You won’t notice minor unpleasant details anyway as you are probably more concerned at this point whether your meal of a large stack of chocolate chip pancakes will go well with previously consumed Jagerbombs. Like every diner most of the food is affordable but you get what you pay for.

There is a chance you’ll have to deal with a crowd during your latenight weekends because everyone else will be looking for a place to sober up, but Gold Roc will do if it’s the first place you see.


-Melissa Traynor, Editor-in-Chief:

Album Review: Lily Allen’s ‘It’s Not Me, It’s You’

British pop star Lily Allen has done it again – no, not another paparazzi-filled night out, but a sophomore album release.

This time around the lyrics remain explicit but are cleaned up nicely to fill in the blanks. They are still risqué and unfriendly for easily offended individuals. Yet, the level of maturity in topic is noticeable in comparison to Allen’s introductory album, Alright, Still.

Allen’s freshman album was a combination of ex-boyfriend attacks, a dark sense of humor, heartbreak, dealing with a lazy brother who smokes too much and sex. So how does she go from risqué to even better and riskier? Allen does not seem to have much trouble completing this task. “I’ll take my clothes off and it will be shameless, ‘cause everyone knows that’s howyou get famous,” – Allen’s lyrics to “The Fear” her first single off It’s Not Me, It’s You, set the tone for her second album.

The album has a more personal insight of who Lily Allen actually is. She still gives her listeners the sarcasm and rebellious attitude with appealing lyrics such as, “But you and I have come to our end. Believe me when I tell you that I never wanna see you again. And please can you stop calling cause it’s getting really boring,” found in track number seven titled, “Never Gonna Happen.”

It is obvious that the petite lady known for her door-knocker earrings comes off as a very self-assured artist. If by chance the confidence is lacking, it’s difficult to see through the show she’s putting on – you would be too distracted by her unique style and lyrical freedom. Allen’s new album does not take the listeners through a standard trip down memory lane or a predictable girlie love-and-heartbreak album. Instead she hits controversial topics such as politics and religion.

But of course the album is not too serious to bore you she also throws in a song about Chinese take-out with TV watching, a small dosage of love lyrics that can’t be measured tremendously, but only in “Who’d Have Known.” She also moves onto the topic of family matters, some about her brother, some reaching out to her father.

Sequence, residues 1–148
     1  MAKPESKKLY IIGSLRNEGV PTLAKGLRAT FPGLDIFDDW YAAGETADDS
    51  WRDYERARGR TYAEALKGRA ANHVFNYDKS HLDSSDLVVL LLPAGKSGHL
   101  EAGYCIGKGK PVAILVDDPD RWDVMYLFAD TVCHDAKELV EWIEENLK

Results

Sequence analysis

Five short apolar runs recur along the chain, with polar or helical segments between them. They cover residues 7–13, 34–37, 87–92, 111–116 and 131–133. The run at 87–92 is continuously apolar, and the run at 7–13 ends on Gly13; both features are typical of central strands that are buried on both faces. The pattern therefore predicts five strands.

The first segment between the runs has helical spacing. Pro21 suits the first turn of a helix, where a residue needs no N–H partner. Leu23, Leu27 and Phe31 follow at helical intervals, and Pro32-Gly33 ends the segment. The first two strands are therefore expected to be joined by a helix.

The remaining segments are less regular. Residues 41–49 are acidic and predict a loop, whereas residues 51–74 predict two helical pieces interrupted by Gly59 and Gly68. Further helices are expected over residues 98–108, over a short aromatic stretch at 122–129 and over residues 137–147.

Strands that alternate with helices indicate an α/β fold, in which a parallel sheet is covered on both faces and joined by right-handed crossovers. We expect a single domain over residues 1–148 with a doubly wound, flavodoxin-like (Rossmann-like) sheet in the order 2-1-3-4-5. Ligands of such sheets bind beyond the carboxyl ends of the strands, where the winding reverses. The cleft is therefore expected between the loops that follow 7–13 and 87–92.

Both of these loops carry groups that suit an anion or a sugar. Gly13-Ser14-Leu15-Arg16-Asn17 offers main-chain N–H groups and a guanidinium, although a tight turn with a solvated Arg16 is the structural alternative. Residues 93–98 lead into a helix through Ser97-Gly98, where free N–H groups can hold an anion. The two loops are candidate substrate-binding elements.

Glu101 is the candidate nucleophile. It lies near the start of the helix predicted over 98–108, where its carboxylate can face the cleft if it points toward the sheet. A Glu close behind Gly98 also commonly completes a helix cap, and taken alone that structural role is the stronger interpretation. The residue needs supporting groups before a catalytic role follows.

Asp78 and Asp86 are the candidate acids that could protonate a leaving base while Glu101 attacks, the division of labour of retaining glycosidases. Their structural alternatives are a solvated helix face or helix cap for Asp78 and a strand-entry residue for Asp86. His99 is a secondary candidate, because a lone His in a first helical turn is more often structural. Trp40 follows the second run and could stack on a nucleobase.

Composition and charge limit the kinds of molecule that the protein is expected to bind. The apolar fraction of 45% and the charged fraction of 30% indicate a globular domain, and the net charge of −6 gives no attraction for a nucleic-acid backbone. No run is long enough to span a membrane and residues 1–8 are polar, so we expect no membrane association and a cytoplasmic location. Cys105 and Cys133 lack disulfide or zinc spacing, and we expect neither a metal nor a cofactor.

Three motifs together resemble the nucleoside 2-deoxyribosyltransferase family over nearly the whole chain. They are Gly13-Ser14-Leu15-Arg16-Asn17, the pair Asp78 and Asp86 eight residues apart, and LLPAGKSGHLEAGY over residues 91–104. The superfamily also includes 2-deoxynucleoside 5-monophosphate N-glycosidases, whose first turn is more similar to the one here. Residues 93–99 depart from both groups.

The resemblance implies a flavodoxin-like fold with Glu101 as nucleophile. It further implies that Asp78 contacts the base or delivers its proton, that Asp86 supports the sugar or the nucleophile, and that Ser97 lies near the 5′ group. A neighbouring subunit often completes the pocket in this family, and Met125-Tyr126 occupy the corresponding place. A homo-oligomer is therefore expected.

Love or hate Ms. Allen, she probably wouldn’t care either way as long as she is doing what she does best and that’s to create her own music.From Britain? Yes. Funk swagger? Yes. I’m sure we can make space for her in the United States – maybe even demote Amy Winehouse who seems to have gone M.I.A. or simply gotten stuck in rehab and let a new British native take the throne.

Capitol Records

-Ariana Valentin, Asst. News

Album Review: Blackout Beach’s ‘Skin of Evil’

Blackout BeachBack in late September of 2008 Carey Mercer sent Pitchfork Media a letter in regards to his sophomore release under his solo project Blackout Beach.

“I wrote this record because I desired to make something that stays on task. I picked an easy task: desire, longing, flight, the sorrow of absence… the DNA of most good songs,” wrote Mercer in the brief letter’s opening sentences.

As a fan of Frog Eyes and Mercer’s other projects, I thought I knew what to expect from Skin of Evil. I imagined something similar to the feel of the first release, Light Flows the Putrid Dawn, or possibly something reminiscent of his songs on Swan Lake’s first album Beast Moans. Instead of hearing a tidal wave of instruments break against Mercer’s dramatic and often times fierce delivery we hear something more focused and ultimately more intriguing this time around.

The differences between Skin of Evil and Mercer’s other work are vast and appealing. With Light Flows the Putrid Dawn we saw that Blackout Beach was the darkest of his projects. That darkness remains, but rather than acting as a rough commentary that wraps up the human experience in a blanket of fog, it instead reveals itself as a clear and powerful force. The album doesn’t push you through the music like other albums with a similar approach; it acts more like a guide delicately leading you through your journey.

The journey itself is a story about a temptress named Donna. She is the ideal notion of what classical Greek society would’ve considered the perfect woman.

Eight of the songs on the album belong to former lovers, all still consumed with their love for Donna. The other two songs belong to Donna and her current lover- William. The results of each individual’s story equate to a musical triumph.

The combination of Mercer’s close attention to language and detail with his newfound minimalistic musical approach are the secret behind his brilliance. The drum machine sounds vintage, providing a fuzzy lo-fi familiarity to the songs, as if they were beats a friend was showing you in his basement. The guitar hits you like raindrops against a pond, crashing against the surface of the songs and rippling outward over the music.

His vocal delivery is much more straight-forward, confined within the songs. Added to this is the presence is a female vocalist, possibly playing Donna, to help some of the tracks along.

This atmospheric and gripping album only spans a little over thirty minutes, but it remains constantly strong, building up the experience, making every minute matter to the listener. Mercer’s stage is set, we can only hope for a tour to be announced so that audiences can be pulled into the theater of his work. It would be a shame if we couldn’t share this experience with Mercer in a live setting.

Soft Abuse Records

-Jason Cunningham, Entertainment Editor: